Mini-review: Gao Ping’s “Tsangyang Gyatso, The Sixth Dalai Lama “

Leave me to myself. Go away.

I have had enough of your demands on me. I didn’t ask for it.

What right do you have to make me your Dalai Lama? What right do you have

to make me a eunuch, while still leaving my body and passions intact?

(From Paul Williams’ The Erotic Verse of the Sixth Dalai Lama)

This particular Dalai Lama (1683-1706) is more renowned for his love life and poetry—and his violent death at a young age—than for his role as a spiritual mentor. I came upon a fictionalized Chinese-language biography of him by Gao Ping (高平) not long ago, Tsangyang Gyatso, The Sixth Dalai Lama (六世达赖喇嘛仓央嘉措), but didn’t read it yet.

But it turns out that this (to me) unassuming book was, at one time at least, rather controversial. According to a report in the China Library Weekly on August 10, 2010 (出版过程可以写一部小说), Gao Ping originally found a publisher for the book in 1983, but “unfortunately there were Tibetan compatriots who held different views [about it] who, by means of several anonymous letters, hampered its publication.” So it wasn’t until 2007 that the novel was finally published by China Tibet Publishing (中国西藏出版社). It would be interesting to know what issues caused publication to be delayed for more than two decades. According to the report, Gao Ping is an accomplished Han poet who first entered Tibet as a PLA soldier in 1951 when he was just 19.

I am happy to report that a Chinese friend has read the book in its entirety, and has kindly written some brief thoughts on it, which I have translated and lightly edited below.


The Sixth Dalai Lama was an adept composer of love poetry, and his verse has been passed down from generation to generation among Tibetans who are deeply attached to his memory.

As the leader of the Yellow Hat Sect of Tibetan Buddhism, intimate contact with women was forbidden to him, but he stubbornly disregarded orthodoxy and pursued romance. At just 15, he was dragged off to the Potala Palace where the Regent of the preceding (now dead) Dalai Lama craftily arranged for him to be enthroned as Tsangyang  Gyatso, the Sixth Dalai Lama, an act that tragically separated the boy from his very first love.

When he learned that his first love had been married off, he transferred his anger into rebellion against the lamas in charge of him, and used every ruse to escape from the palace. In the meanwhile, he had affairs with the noble lady Bai Zhen, the widow Dawa and the beautiful young Qiong Zhuoga, and penned many now oft-cited poems in praise of romance and his lovers.

Born in 1683, the twenty-second year of the reign of Qing Emperor Kangxi, the future Dalai Lama Ngawang Gyamtso  was a member of the Monpa ethnicity, and his actual place of birth is located in modern-day Arunachal Pradeshi  in northeastern India.  Ngawang  was a clever boy who was steeped in the songs and poetry of the common people from his early years.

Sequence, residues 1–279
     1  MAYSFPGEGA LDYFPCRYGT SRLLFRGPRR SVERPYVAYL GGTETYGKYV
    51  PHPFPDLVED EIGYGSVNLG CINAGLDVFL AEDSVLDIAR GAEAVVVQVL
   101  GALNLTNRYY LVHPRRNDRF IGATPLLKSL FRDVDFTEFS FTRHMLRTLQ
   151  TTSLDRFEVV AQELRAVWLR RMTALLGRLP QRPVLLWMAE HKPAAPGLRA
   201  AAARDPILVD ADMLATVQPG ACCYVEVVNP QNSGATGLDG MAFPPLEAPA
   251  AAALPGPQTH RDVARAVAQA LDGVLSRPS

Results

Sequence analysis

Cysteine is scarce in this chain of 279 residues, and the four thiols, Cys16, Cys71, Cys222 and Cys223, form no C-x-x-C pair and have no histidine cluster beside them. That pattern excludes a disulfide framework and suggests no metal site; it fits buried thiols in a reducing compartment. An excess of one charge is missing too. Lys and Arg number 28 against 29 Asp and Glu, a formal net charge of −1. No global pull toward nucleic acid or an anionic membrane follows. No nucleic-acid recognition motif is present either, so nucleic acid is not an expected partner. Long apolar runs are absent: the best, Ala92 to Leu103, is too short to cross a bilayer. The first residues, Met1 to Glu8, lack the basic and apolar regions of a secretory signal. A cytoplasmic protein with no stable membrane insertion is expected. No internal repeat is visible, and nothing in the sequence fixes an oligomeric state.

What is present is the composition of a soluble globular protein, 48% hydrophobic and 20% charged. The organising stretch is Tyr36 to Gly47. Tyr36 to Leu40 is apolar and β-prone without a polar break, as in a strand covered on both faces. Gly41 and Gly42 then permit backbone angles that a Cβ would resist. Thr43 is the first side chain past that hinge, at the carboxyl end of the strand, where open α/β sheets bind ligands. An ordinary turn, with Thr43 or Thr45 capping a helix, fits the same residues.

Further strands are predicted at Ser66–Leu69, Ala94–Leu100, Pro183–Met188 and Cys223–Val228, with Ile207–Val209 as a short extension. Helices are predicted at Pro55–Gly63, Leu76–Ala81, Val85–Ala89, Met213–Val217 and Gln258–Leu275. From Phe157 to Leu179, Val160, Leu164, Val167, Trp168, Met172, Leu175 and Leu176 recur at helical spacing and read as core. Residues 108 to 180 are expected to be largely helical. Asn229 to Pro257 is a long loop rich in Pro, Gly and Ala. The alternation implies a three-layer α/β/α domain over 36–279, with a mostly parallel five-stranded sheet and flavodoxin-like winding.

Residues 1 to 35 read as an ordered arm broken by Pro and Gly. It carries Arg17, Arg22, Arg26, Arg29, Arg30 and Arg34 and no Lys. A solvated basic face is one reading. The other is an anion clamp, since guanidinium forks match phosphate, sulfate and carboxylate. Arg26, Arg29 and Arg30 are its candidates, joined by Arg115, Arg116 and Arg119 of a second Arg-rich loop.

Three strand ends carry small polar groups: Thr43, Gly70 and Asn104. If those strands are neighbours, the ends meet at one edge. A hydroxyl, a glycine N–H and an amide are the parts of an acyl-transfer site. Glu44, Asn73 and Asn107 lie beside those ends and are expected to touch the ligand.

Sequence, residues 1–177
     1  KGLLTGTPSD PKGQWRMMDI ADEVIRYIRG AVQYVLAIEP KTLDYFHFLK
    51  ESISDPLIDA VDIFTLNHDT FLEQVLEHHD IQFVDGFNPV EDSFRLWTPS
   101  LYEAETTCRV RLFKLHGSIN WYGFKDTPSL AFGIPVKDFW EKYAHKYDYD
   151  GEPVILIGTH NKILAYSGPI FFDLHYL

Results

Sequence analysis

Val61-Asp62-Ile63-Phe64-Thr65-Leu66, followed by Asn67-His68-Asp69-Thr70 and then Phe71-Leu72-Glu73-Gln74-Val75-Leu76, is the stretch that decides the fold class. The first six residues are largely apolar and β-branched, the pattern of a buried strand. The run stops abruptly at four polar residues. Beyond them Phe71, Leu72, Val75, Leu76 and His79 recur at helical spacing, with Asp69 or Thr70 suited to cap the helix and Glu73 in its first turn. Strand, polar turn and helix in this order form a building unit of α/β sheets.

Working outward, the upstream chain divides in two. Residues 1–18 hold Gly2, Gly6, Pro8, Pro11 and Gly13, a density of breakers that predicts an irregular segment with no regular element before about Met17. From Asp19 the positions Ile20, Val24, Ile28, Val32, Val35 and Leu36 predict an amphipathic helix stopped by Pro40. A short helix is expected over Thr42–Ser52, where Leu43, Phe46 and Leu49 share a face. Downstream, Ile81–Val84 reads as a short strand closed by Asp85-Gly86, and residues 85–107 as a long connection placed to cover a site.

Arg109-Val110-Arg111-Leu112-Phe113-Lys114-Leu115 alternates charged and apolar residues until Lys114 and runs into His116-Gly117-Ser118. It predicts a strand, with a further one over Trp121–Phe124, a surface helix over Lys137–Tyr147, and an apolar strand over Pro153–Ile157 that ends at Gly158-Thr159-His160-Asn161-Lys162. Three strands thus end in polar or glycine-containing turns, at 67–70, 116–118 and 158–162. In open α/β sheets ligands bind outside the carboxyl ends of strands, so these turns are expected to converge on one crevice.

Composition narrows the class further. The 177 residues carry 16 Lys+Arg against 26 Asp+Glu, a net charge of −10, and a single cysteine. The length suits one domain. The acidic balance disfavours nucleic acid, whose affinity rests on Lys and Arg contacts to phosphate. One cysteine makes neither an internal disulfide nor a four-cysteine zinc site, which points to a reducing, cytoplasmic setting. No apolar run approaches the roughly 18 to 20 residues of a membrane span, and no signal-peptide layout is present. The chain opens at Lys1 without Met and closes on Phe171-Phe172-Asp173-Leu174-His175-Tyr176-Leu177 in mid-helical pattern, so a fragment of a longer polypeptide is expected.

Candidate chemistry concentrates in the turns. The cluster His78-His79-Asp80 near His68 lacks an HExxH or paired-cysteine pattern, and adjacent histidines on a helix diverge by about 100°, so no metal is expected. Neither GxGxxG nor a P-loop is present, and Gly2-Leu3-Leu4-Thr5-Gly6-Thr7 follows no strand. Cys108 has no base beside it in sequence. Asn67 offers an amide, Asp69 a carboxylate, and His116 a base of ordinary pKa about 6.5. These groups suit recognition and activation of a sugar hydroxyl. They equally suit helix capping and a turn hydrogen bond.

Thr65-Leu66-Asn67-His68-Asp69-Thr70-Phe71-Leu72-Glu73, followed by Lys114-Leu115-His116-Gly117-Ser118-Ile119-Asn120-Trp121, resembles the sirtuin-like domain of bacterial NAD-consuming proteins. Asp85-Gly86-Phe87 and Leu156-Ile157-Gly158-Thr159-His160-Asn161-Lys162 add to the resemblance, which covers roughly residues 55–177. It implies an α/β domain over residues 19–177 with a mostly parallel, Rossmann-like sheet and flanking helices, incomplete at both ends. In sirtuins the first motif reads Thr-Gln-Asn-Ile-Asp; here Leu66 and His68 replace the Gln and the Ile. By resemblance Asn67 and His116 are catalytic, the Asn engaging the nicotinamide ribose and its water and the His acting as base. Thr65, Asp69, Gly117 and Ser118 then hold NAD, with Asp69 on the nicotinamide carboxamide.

After his enthronement in the Potala Palace, Tsangyang Gyatso served as a puppet leader of the Yellow Hat Sect while real power was held by the Regent Sangye Gyatso. He was unhappy with the way in which Qing Emperor Kangxi used the Olmert Tribe (Mongols) to control Tibetan politics, and the Regent struggled to wrest power from the Mongol king, Lhasang Khan. But the Sixth Dalai Lama was a mere pawn in this game, and when Lhasang Khan dispatched him to visit the Qing court, he was drowned in the waters of Qinghai Lake on the way to the capital.

From my point of view as a Han Chinese, I feel the thrust of the book is quite “politically correct.”  The young lama sought romance, cherished poetry and longed to live the life of a common person, but his wings were clipped by the struggle for political power going on around him. The emphasis of this book is on the political struggles between the Han, Tibetans and Mongols, and the devastating results they had on the Sixth Dalai Lama.

Like the overwhelming majority of Han Chinese, before I read this novel I could only gain an understanding of the conflicts between the Tibetans and the Han via strictly censored newspapers and web pages.  For me, the very concept of the Dalai Lama is a role that our government very much dislikes and is even unwilling to mention.  The news in China often reports about the current Dalai Lama in negative terms.  In short, it seems that whatever he says is against the State, an attempt to split the Motherland or the like. The words “Dalai Lama” are derogatory in the dictionary of the Han Chinese.

In recent years, there has been an endless stream of books on Tibet coming out in Chinese, such as “Tibetan Mastiff,” (藏獒) The Tibet Code (藏地密码) and Yak Butter Lamp, (酥油), which have been snapped up like hotcakes. But what’s odd is that these novels are all been penned by Han Chinese. Don’t’ Tibetans write novels? Or is it because their viewpoints are politically incorrect, so they can’t be published?

Anyway, after reading this novel, I’m sure of one thing: no need to “harmonize” (和谐掉) this one!

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